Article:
If you're not using the seeds, skin, and stem, you're eating an apple wrong.
Most people eat an apple until they hit the core, because, in their minds, the core of an apple—with its stringy texture and possibly-but-not-really poisonous seeds—is trash. But it doesn't have to be. "When you start thinking about food differently, the possibilities are endless," chef Marco Canora, owner of Manhattan's Hearth, and winner of the 2017 James Beard Award for best chef in New York City, explains. "An apple core no longer goes to waste, but it’s an ingredient to infuse flavor into syrups, sauces and more." And there are actually a couple of good reasons to learn how to cook with the entire apple, skin, seeds, stem, and all.
The first reason to use the whole apple is to reduce food waste, which is a much more serious problem in the United States than you might think. One fun yet horrifying fact? The US Department of Agriculture estimates between 30 and 40 percent of the American food supply goes to waste, and most of that wasted food goes straight to landfills to decomposes and create methane, a greenhouse gas that contributes to climate change. You see? Fun! And of that food waste, a lot is compostable food scraps like apple cores, which could be used instead of thrown out.
The severity of America's food waste problem is part of the reason why Canora collaborated with the James Beard Food Foundation and Quaker Oats to launch More Taste, Less Waste, a program to raise awareness and help encourage home cooks to reconsider what they think of as waste, including apple cores. "Figuring out a way to use the whole food can help reduce waste and create food that is nutrition dense and tastes better," says Canora. There's no reason that apple core can't be as delicious as the flesh you're used to eating. You just have to start thinking about it as another ingredient instead of a piece of trash.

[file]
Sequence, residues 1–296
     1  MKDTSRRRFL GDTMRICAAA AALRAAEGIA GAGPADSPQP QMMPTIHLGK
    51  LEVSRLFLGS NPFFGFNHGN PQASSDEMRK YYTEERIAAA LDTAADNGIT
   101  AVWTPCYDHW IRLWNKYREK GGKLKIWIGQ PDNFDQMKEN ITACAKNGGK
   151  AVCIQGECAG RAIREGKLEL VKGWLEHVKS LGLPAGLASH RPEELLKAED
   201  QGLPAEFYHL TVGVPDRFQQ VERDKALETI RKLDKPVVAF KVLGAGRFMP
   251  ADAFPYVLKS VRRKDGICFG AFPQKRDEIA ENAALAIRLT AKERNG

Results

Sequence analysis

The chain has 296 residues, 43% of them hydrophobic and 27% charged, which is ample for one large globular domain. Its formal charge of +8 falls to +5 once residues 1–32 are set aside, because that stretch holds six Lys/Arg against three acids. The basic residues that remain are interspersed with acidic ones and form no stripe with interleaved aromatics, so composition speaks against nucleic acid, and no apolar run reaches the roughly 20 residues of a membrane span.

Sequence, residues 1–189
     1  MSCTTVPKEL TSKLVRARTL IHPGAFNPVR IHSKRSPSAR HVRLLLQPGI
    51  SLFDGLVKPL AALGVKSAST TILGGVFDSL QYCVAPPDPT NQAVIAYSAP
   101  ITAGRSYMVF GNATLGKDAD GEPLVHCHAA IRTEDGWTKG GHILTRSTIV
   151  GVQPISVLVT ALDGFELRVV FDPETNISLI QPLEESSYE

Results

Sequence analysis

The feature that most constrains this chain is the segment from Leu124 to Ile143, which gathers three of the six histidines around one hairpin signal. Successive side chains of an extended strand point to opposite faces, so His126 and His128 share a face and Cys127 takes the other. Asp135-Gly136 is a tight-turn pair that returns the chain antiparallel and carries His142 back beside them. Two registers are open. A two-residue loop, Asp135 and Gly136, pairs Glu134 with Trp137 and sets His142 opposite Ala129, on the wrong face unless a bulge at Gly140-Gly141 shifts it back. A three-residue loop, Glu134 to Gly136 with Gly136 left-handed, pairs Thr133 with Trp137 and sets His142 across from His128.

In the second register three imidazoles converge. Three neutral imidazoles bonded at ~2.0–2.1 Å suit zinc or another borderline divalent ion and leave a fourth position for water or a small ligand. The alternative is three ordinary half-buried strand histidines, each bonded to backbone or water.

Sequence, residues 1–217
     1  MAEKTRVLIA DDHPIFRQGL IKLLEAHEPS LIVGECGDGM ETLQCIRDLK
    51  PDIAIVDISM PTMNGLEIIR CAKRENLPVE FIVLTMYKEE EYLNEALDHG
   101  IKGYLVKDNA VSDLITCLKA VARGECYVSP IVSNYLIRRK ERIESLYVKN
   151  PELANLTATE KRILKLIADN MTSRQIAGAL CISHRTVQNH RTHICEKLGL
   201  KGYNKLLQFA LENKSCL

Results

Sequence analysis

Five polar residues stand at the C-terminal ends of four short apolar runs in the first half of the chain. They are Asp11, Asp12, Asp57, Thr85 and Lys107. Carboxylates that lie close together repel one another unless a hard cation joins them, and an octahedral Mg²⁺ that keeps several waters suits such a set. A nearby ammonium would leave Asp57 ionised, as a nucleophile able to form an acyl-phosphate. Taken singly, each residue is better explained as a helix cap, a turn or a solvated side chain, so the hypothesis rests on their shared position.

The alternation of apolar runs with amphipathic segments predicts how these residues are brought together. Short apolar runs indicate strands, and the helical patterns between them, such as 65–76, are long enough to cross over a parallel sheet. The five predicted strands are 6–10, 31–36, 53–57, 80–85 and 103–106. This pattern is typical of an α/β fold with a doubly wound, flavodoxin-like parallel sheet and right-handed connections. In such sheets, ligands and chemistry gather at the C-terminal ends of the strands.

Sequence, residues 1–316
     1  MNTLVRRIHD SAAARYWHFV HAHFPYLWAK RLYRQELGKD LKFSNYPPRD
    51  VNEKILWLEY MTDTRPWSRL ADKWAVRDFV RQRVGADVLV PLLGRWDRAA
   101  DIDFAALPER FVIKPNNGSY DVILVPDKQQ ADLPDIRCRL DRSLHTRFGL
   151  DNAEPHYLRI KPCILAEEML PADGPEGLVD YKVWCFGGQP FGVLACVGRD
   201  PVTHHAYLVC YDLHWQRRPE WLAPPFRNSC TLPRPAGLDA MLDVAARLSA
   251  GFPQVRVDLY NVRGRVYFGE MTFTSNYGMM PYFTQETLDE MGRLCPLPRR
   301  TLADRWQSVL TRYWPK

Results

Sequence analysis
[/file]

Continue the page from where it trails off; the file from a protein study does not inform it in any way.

One example of this theory put into practice is Canora's recipe for oat apple pancakes. "In addition to including apple slices in the pancakes, the core can be cooked in a syrup and the peels can be ground up with the oat flour." He also recommends, "adding core and apple to a bottle of bourbon to create an apple infused sipping bourbon!"
If the environmental reasons to use the whole apple wasn't good enough for you, there are health benefits to eating the skin and the core of the fruit. "Wasted food is wasted nutrition," says Dawn Jackson Blatner, RDN. "The peels and skin of fruits and veggies should not be overlooked since they packed with fiber. They are also typically full of important compounds that are concentrated mostly in and near the skin." And it's not just apples that have super healthy peels. "We’re talking apples, citrus, potatoes, eggplant, cucumber just to name a few," adds Blatner."
"Once you have a better understanding for how to use the 'whole apple,' then it becomes easier to think creatively about other produce like plums, peaches and pears," says Canora. So try to think of the skin, the seeds, and the stem as part of the apple, not the debris. And even if you're not going to use the whole apple, at the very least, you could put that core in the compost so it doesn't go straight to the landfill to rot.
This article originally appeared in Extra Crispy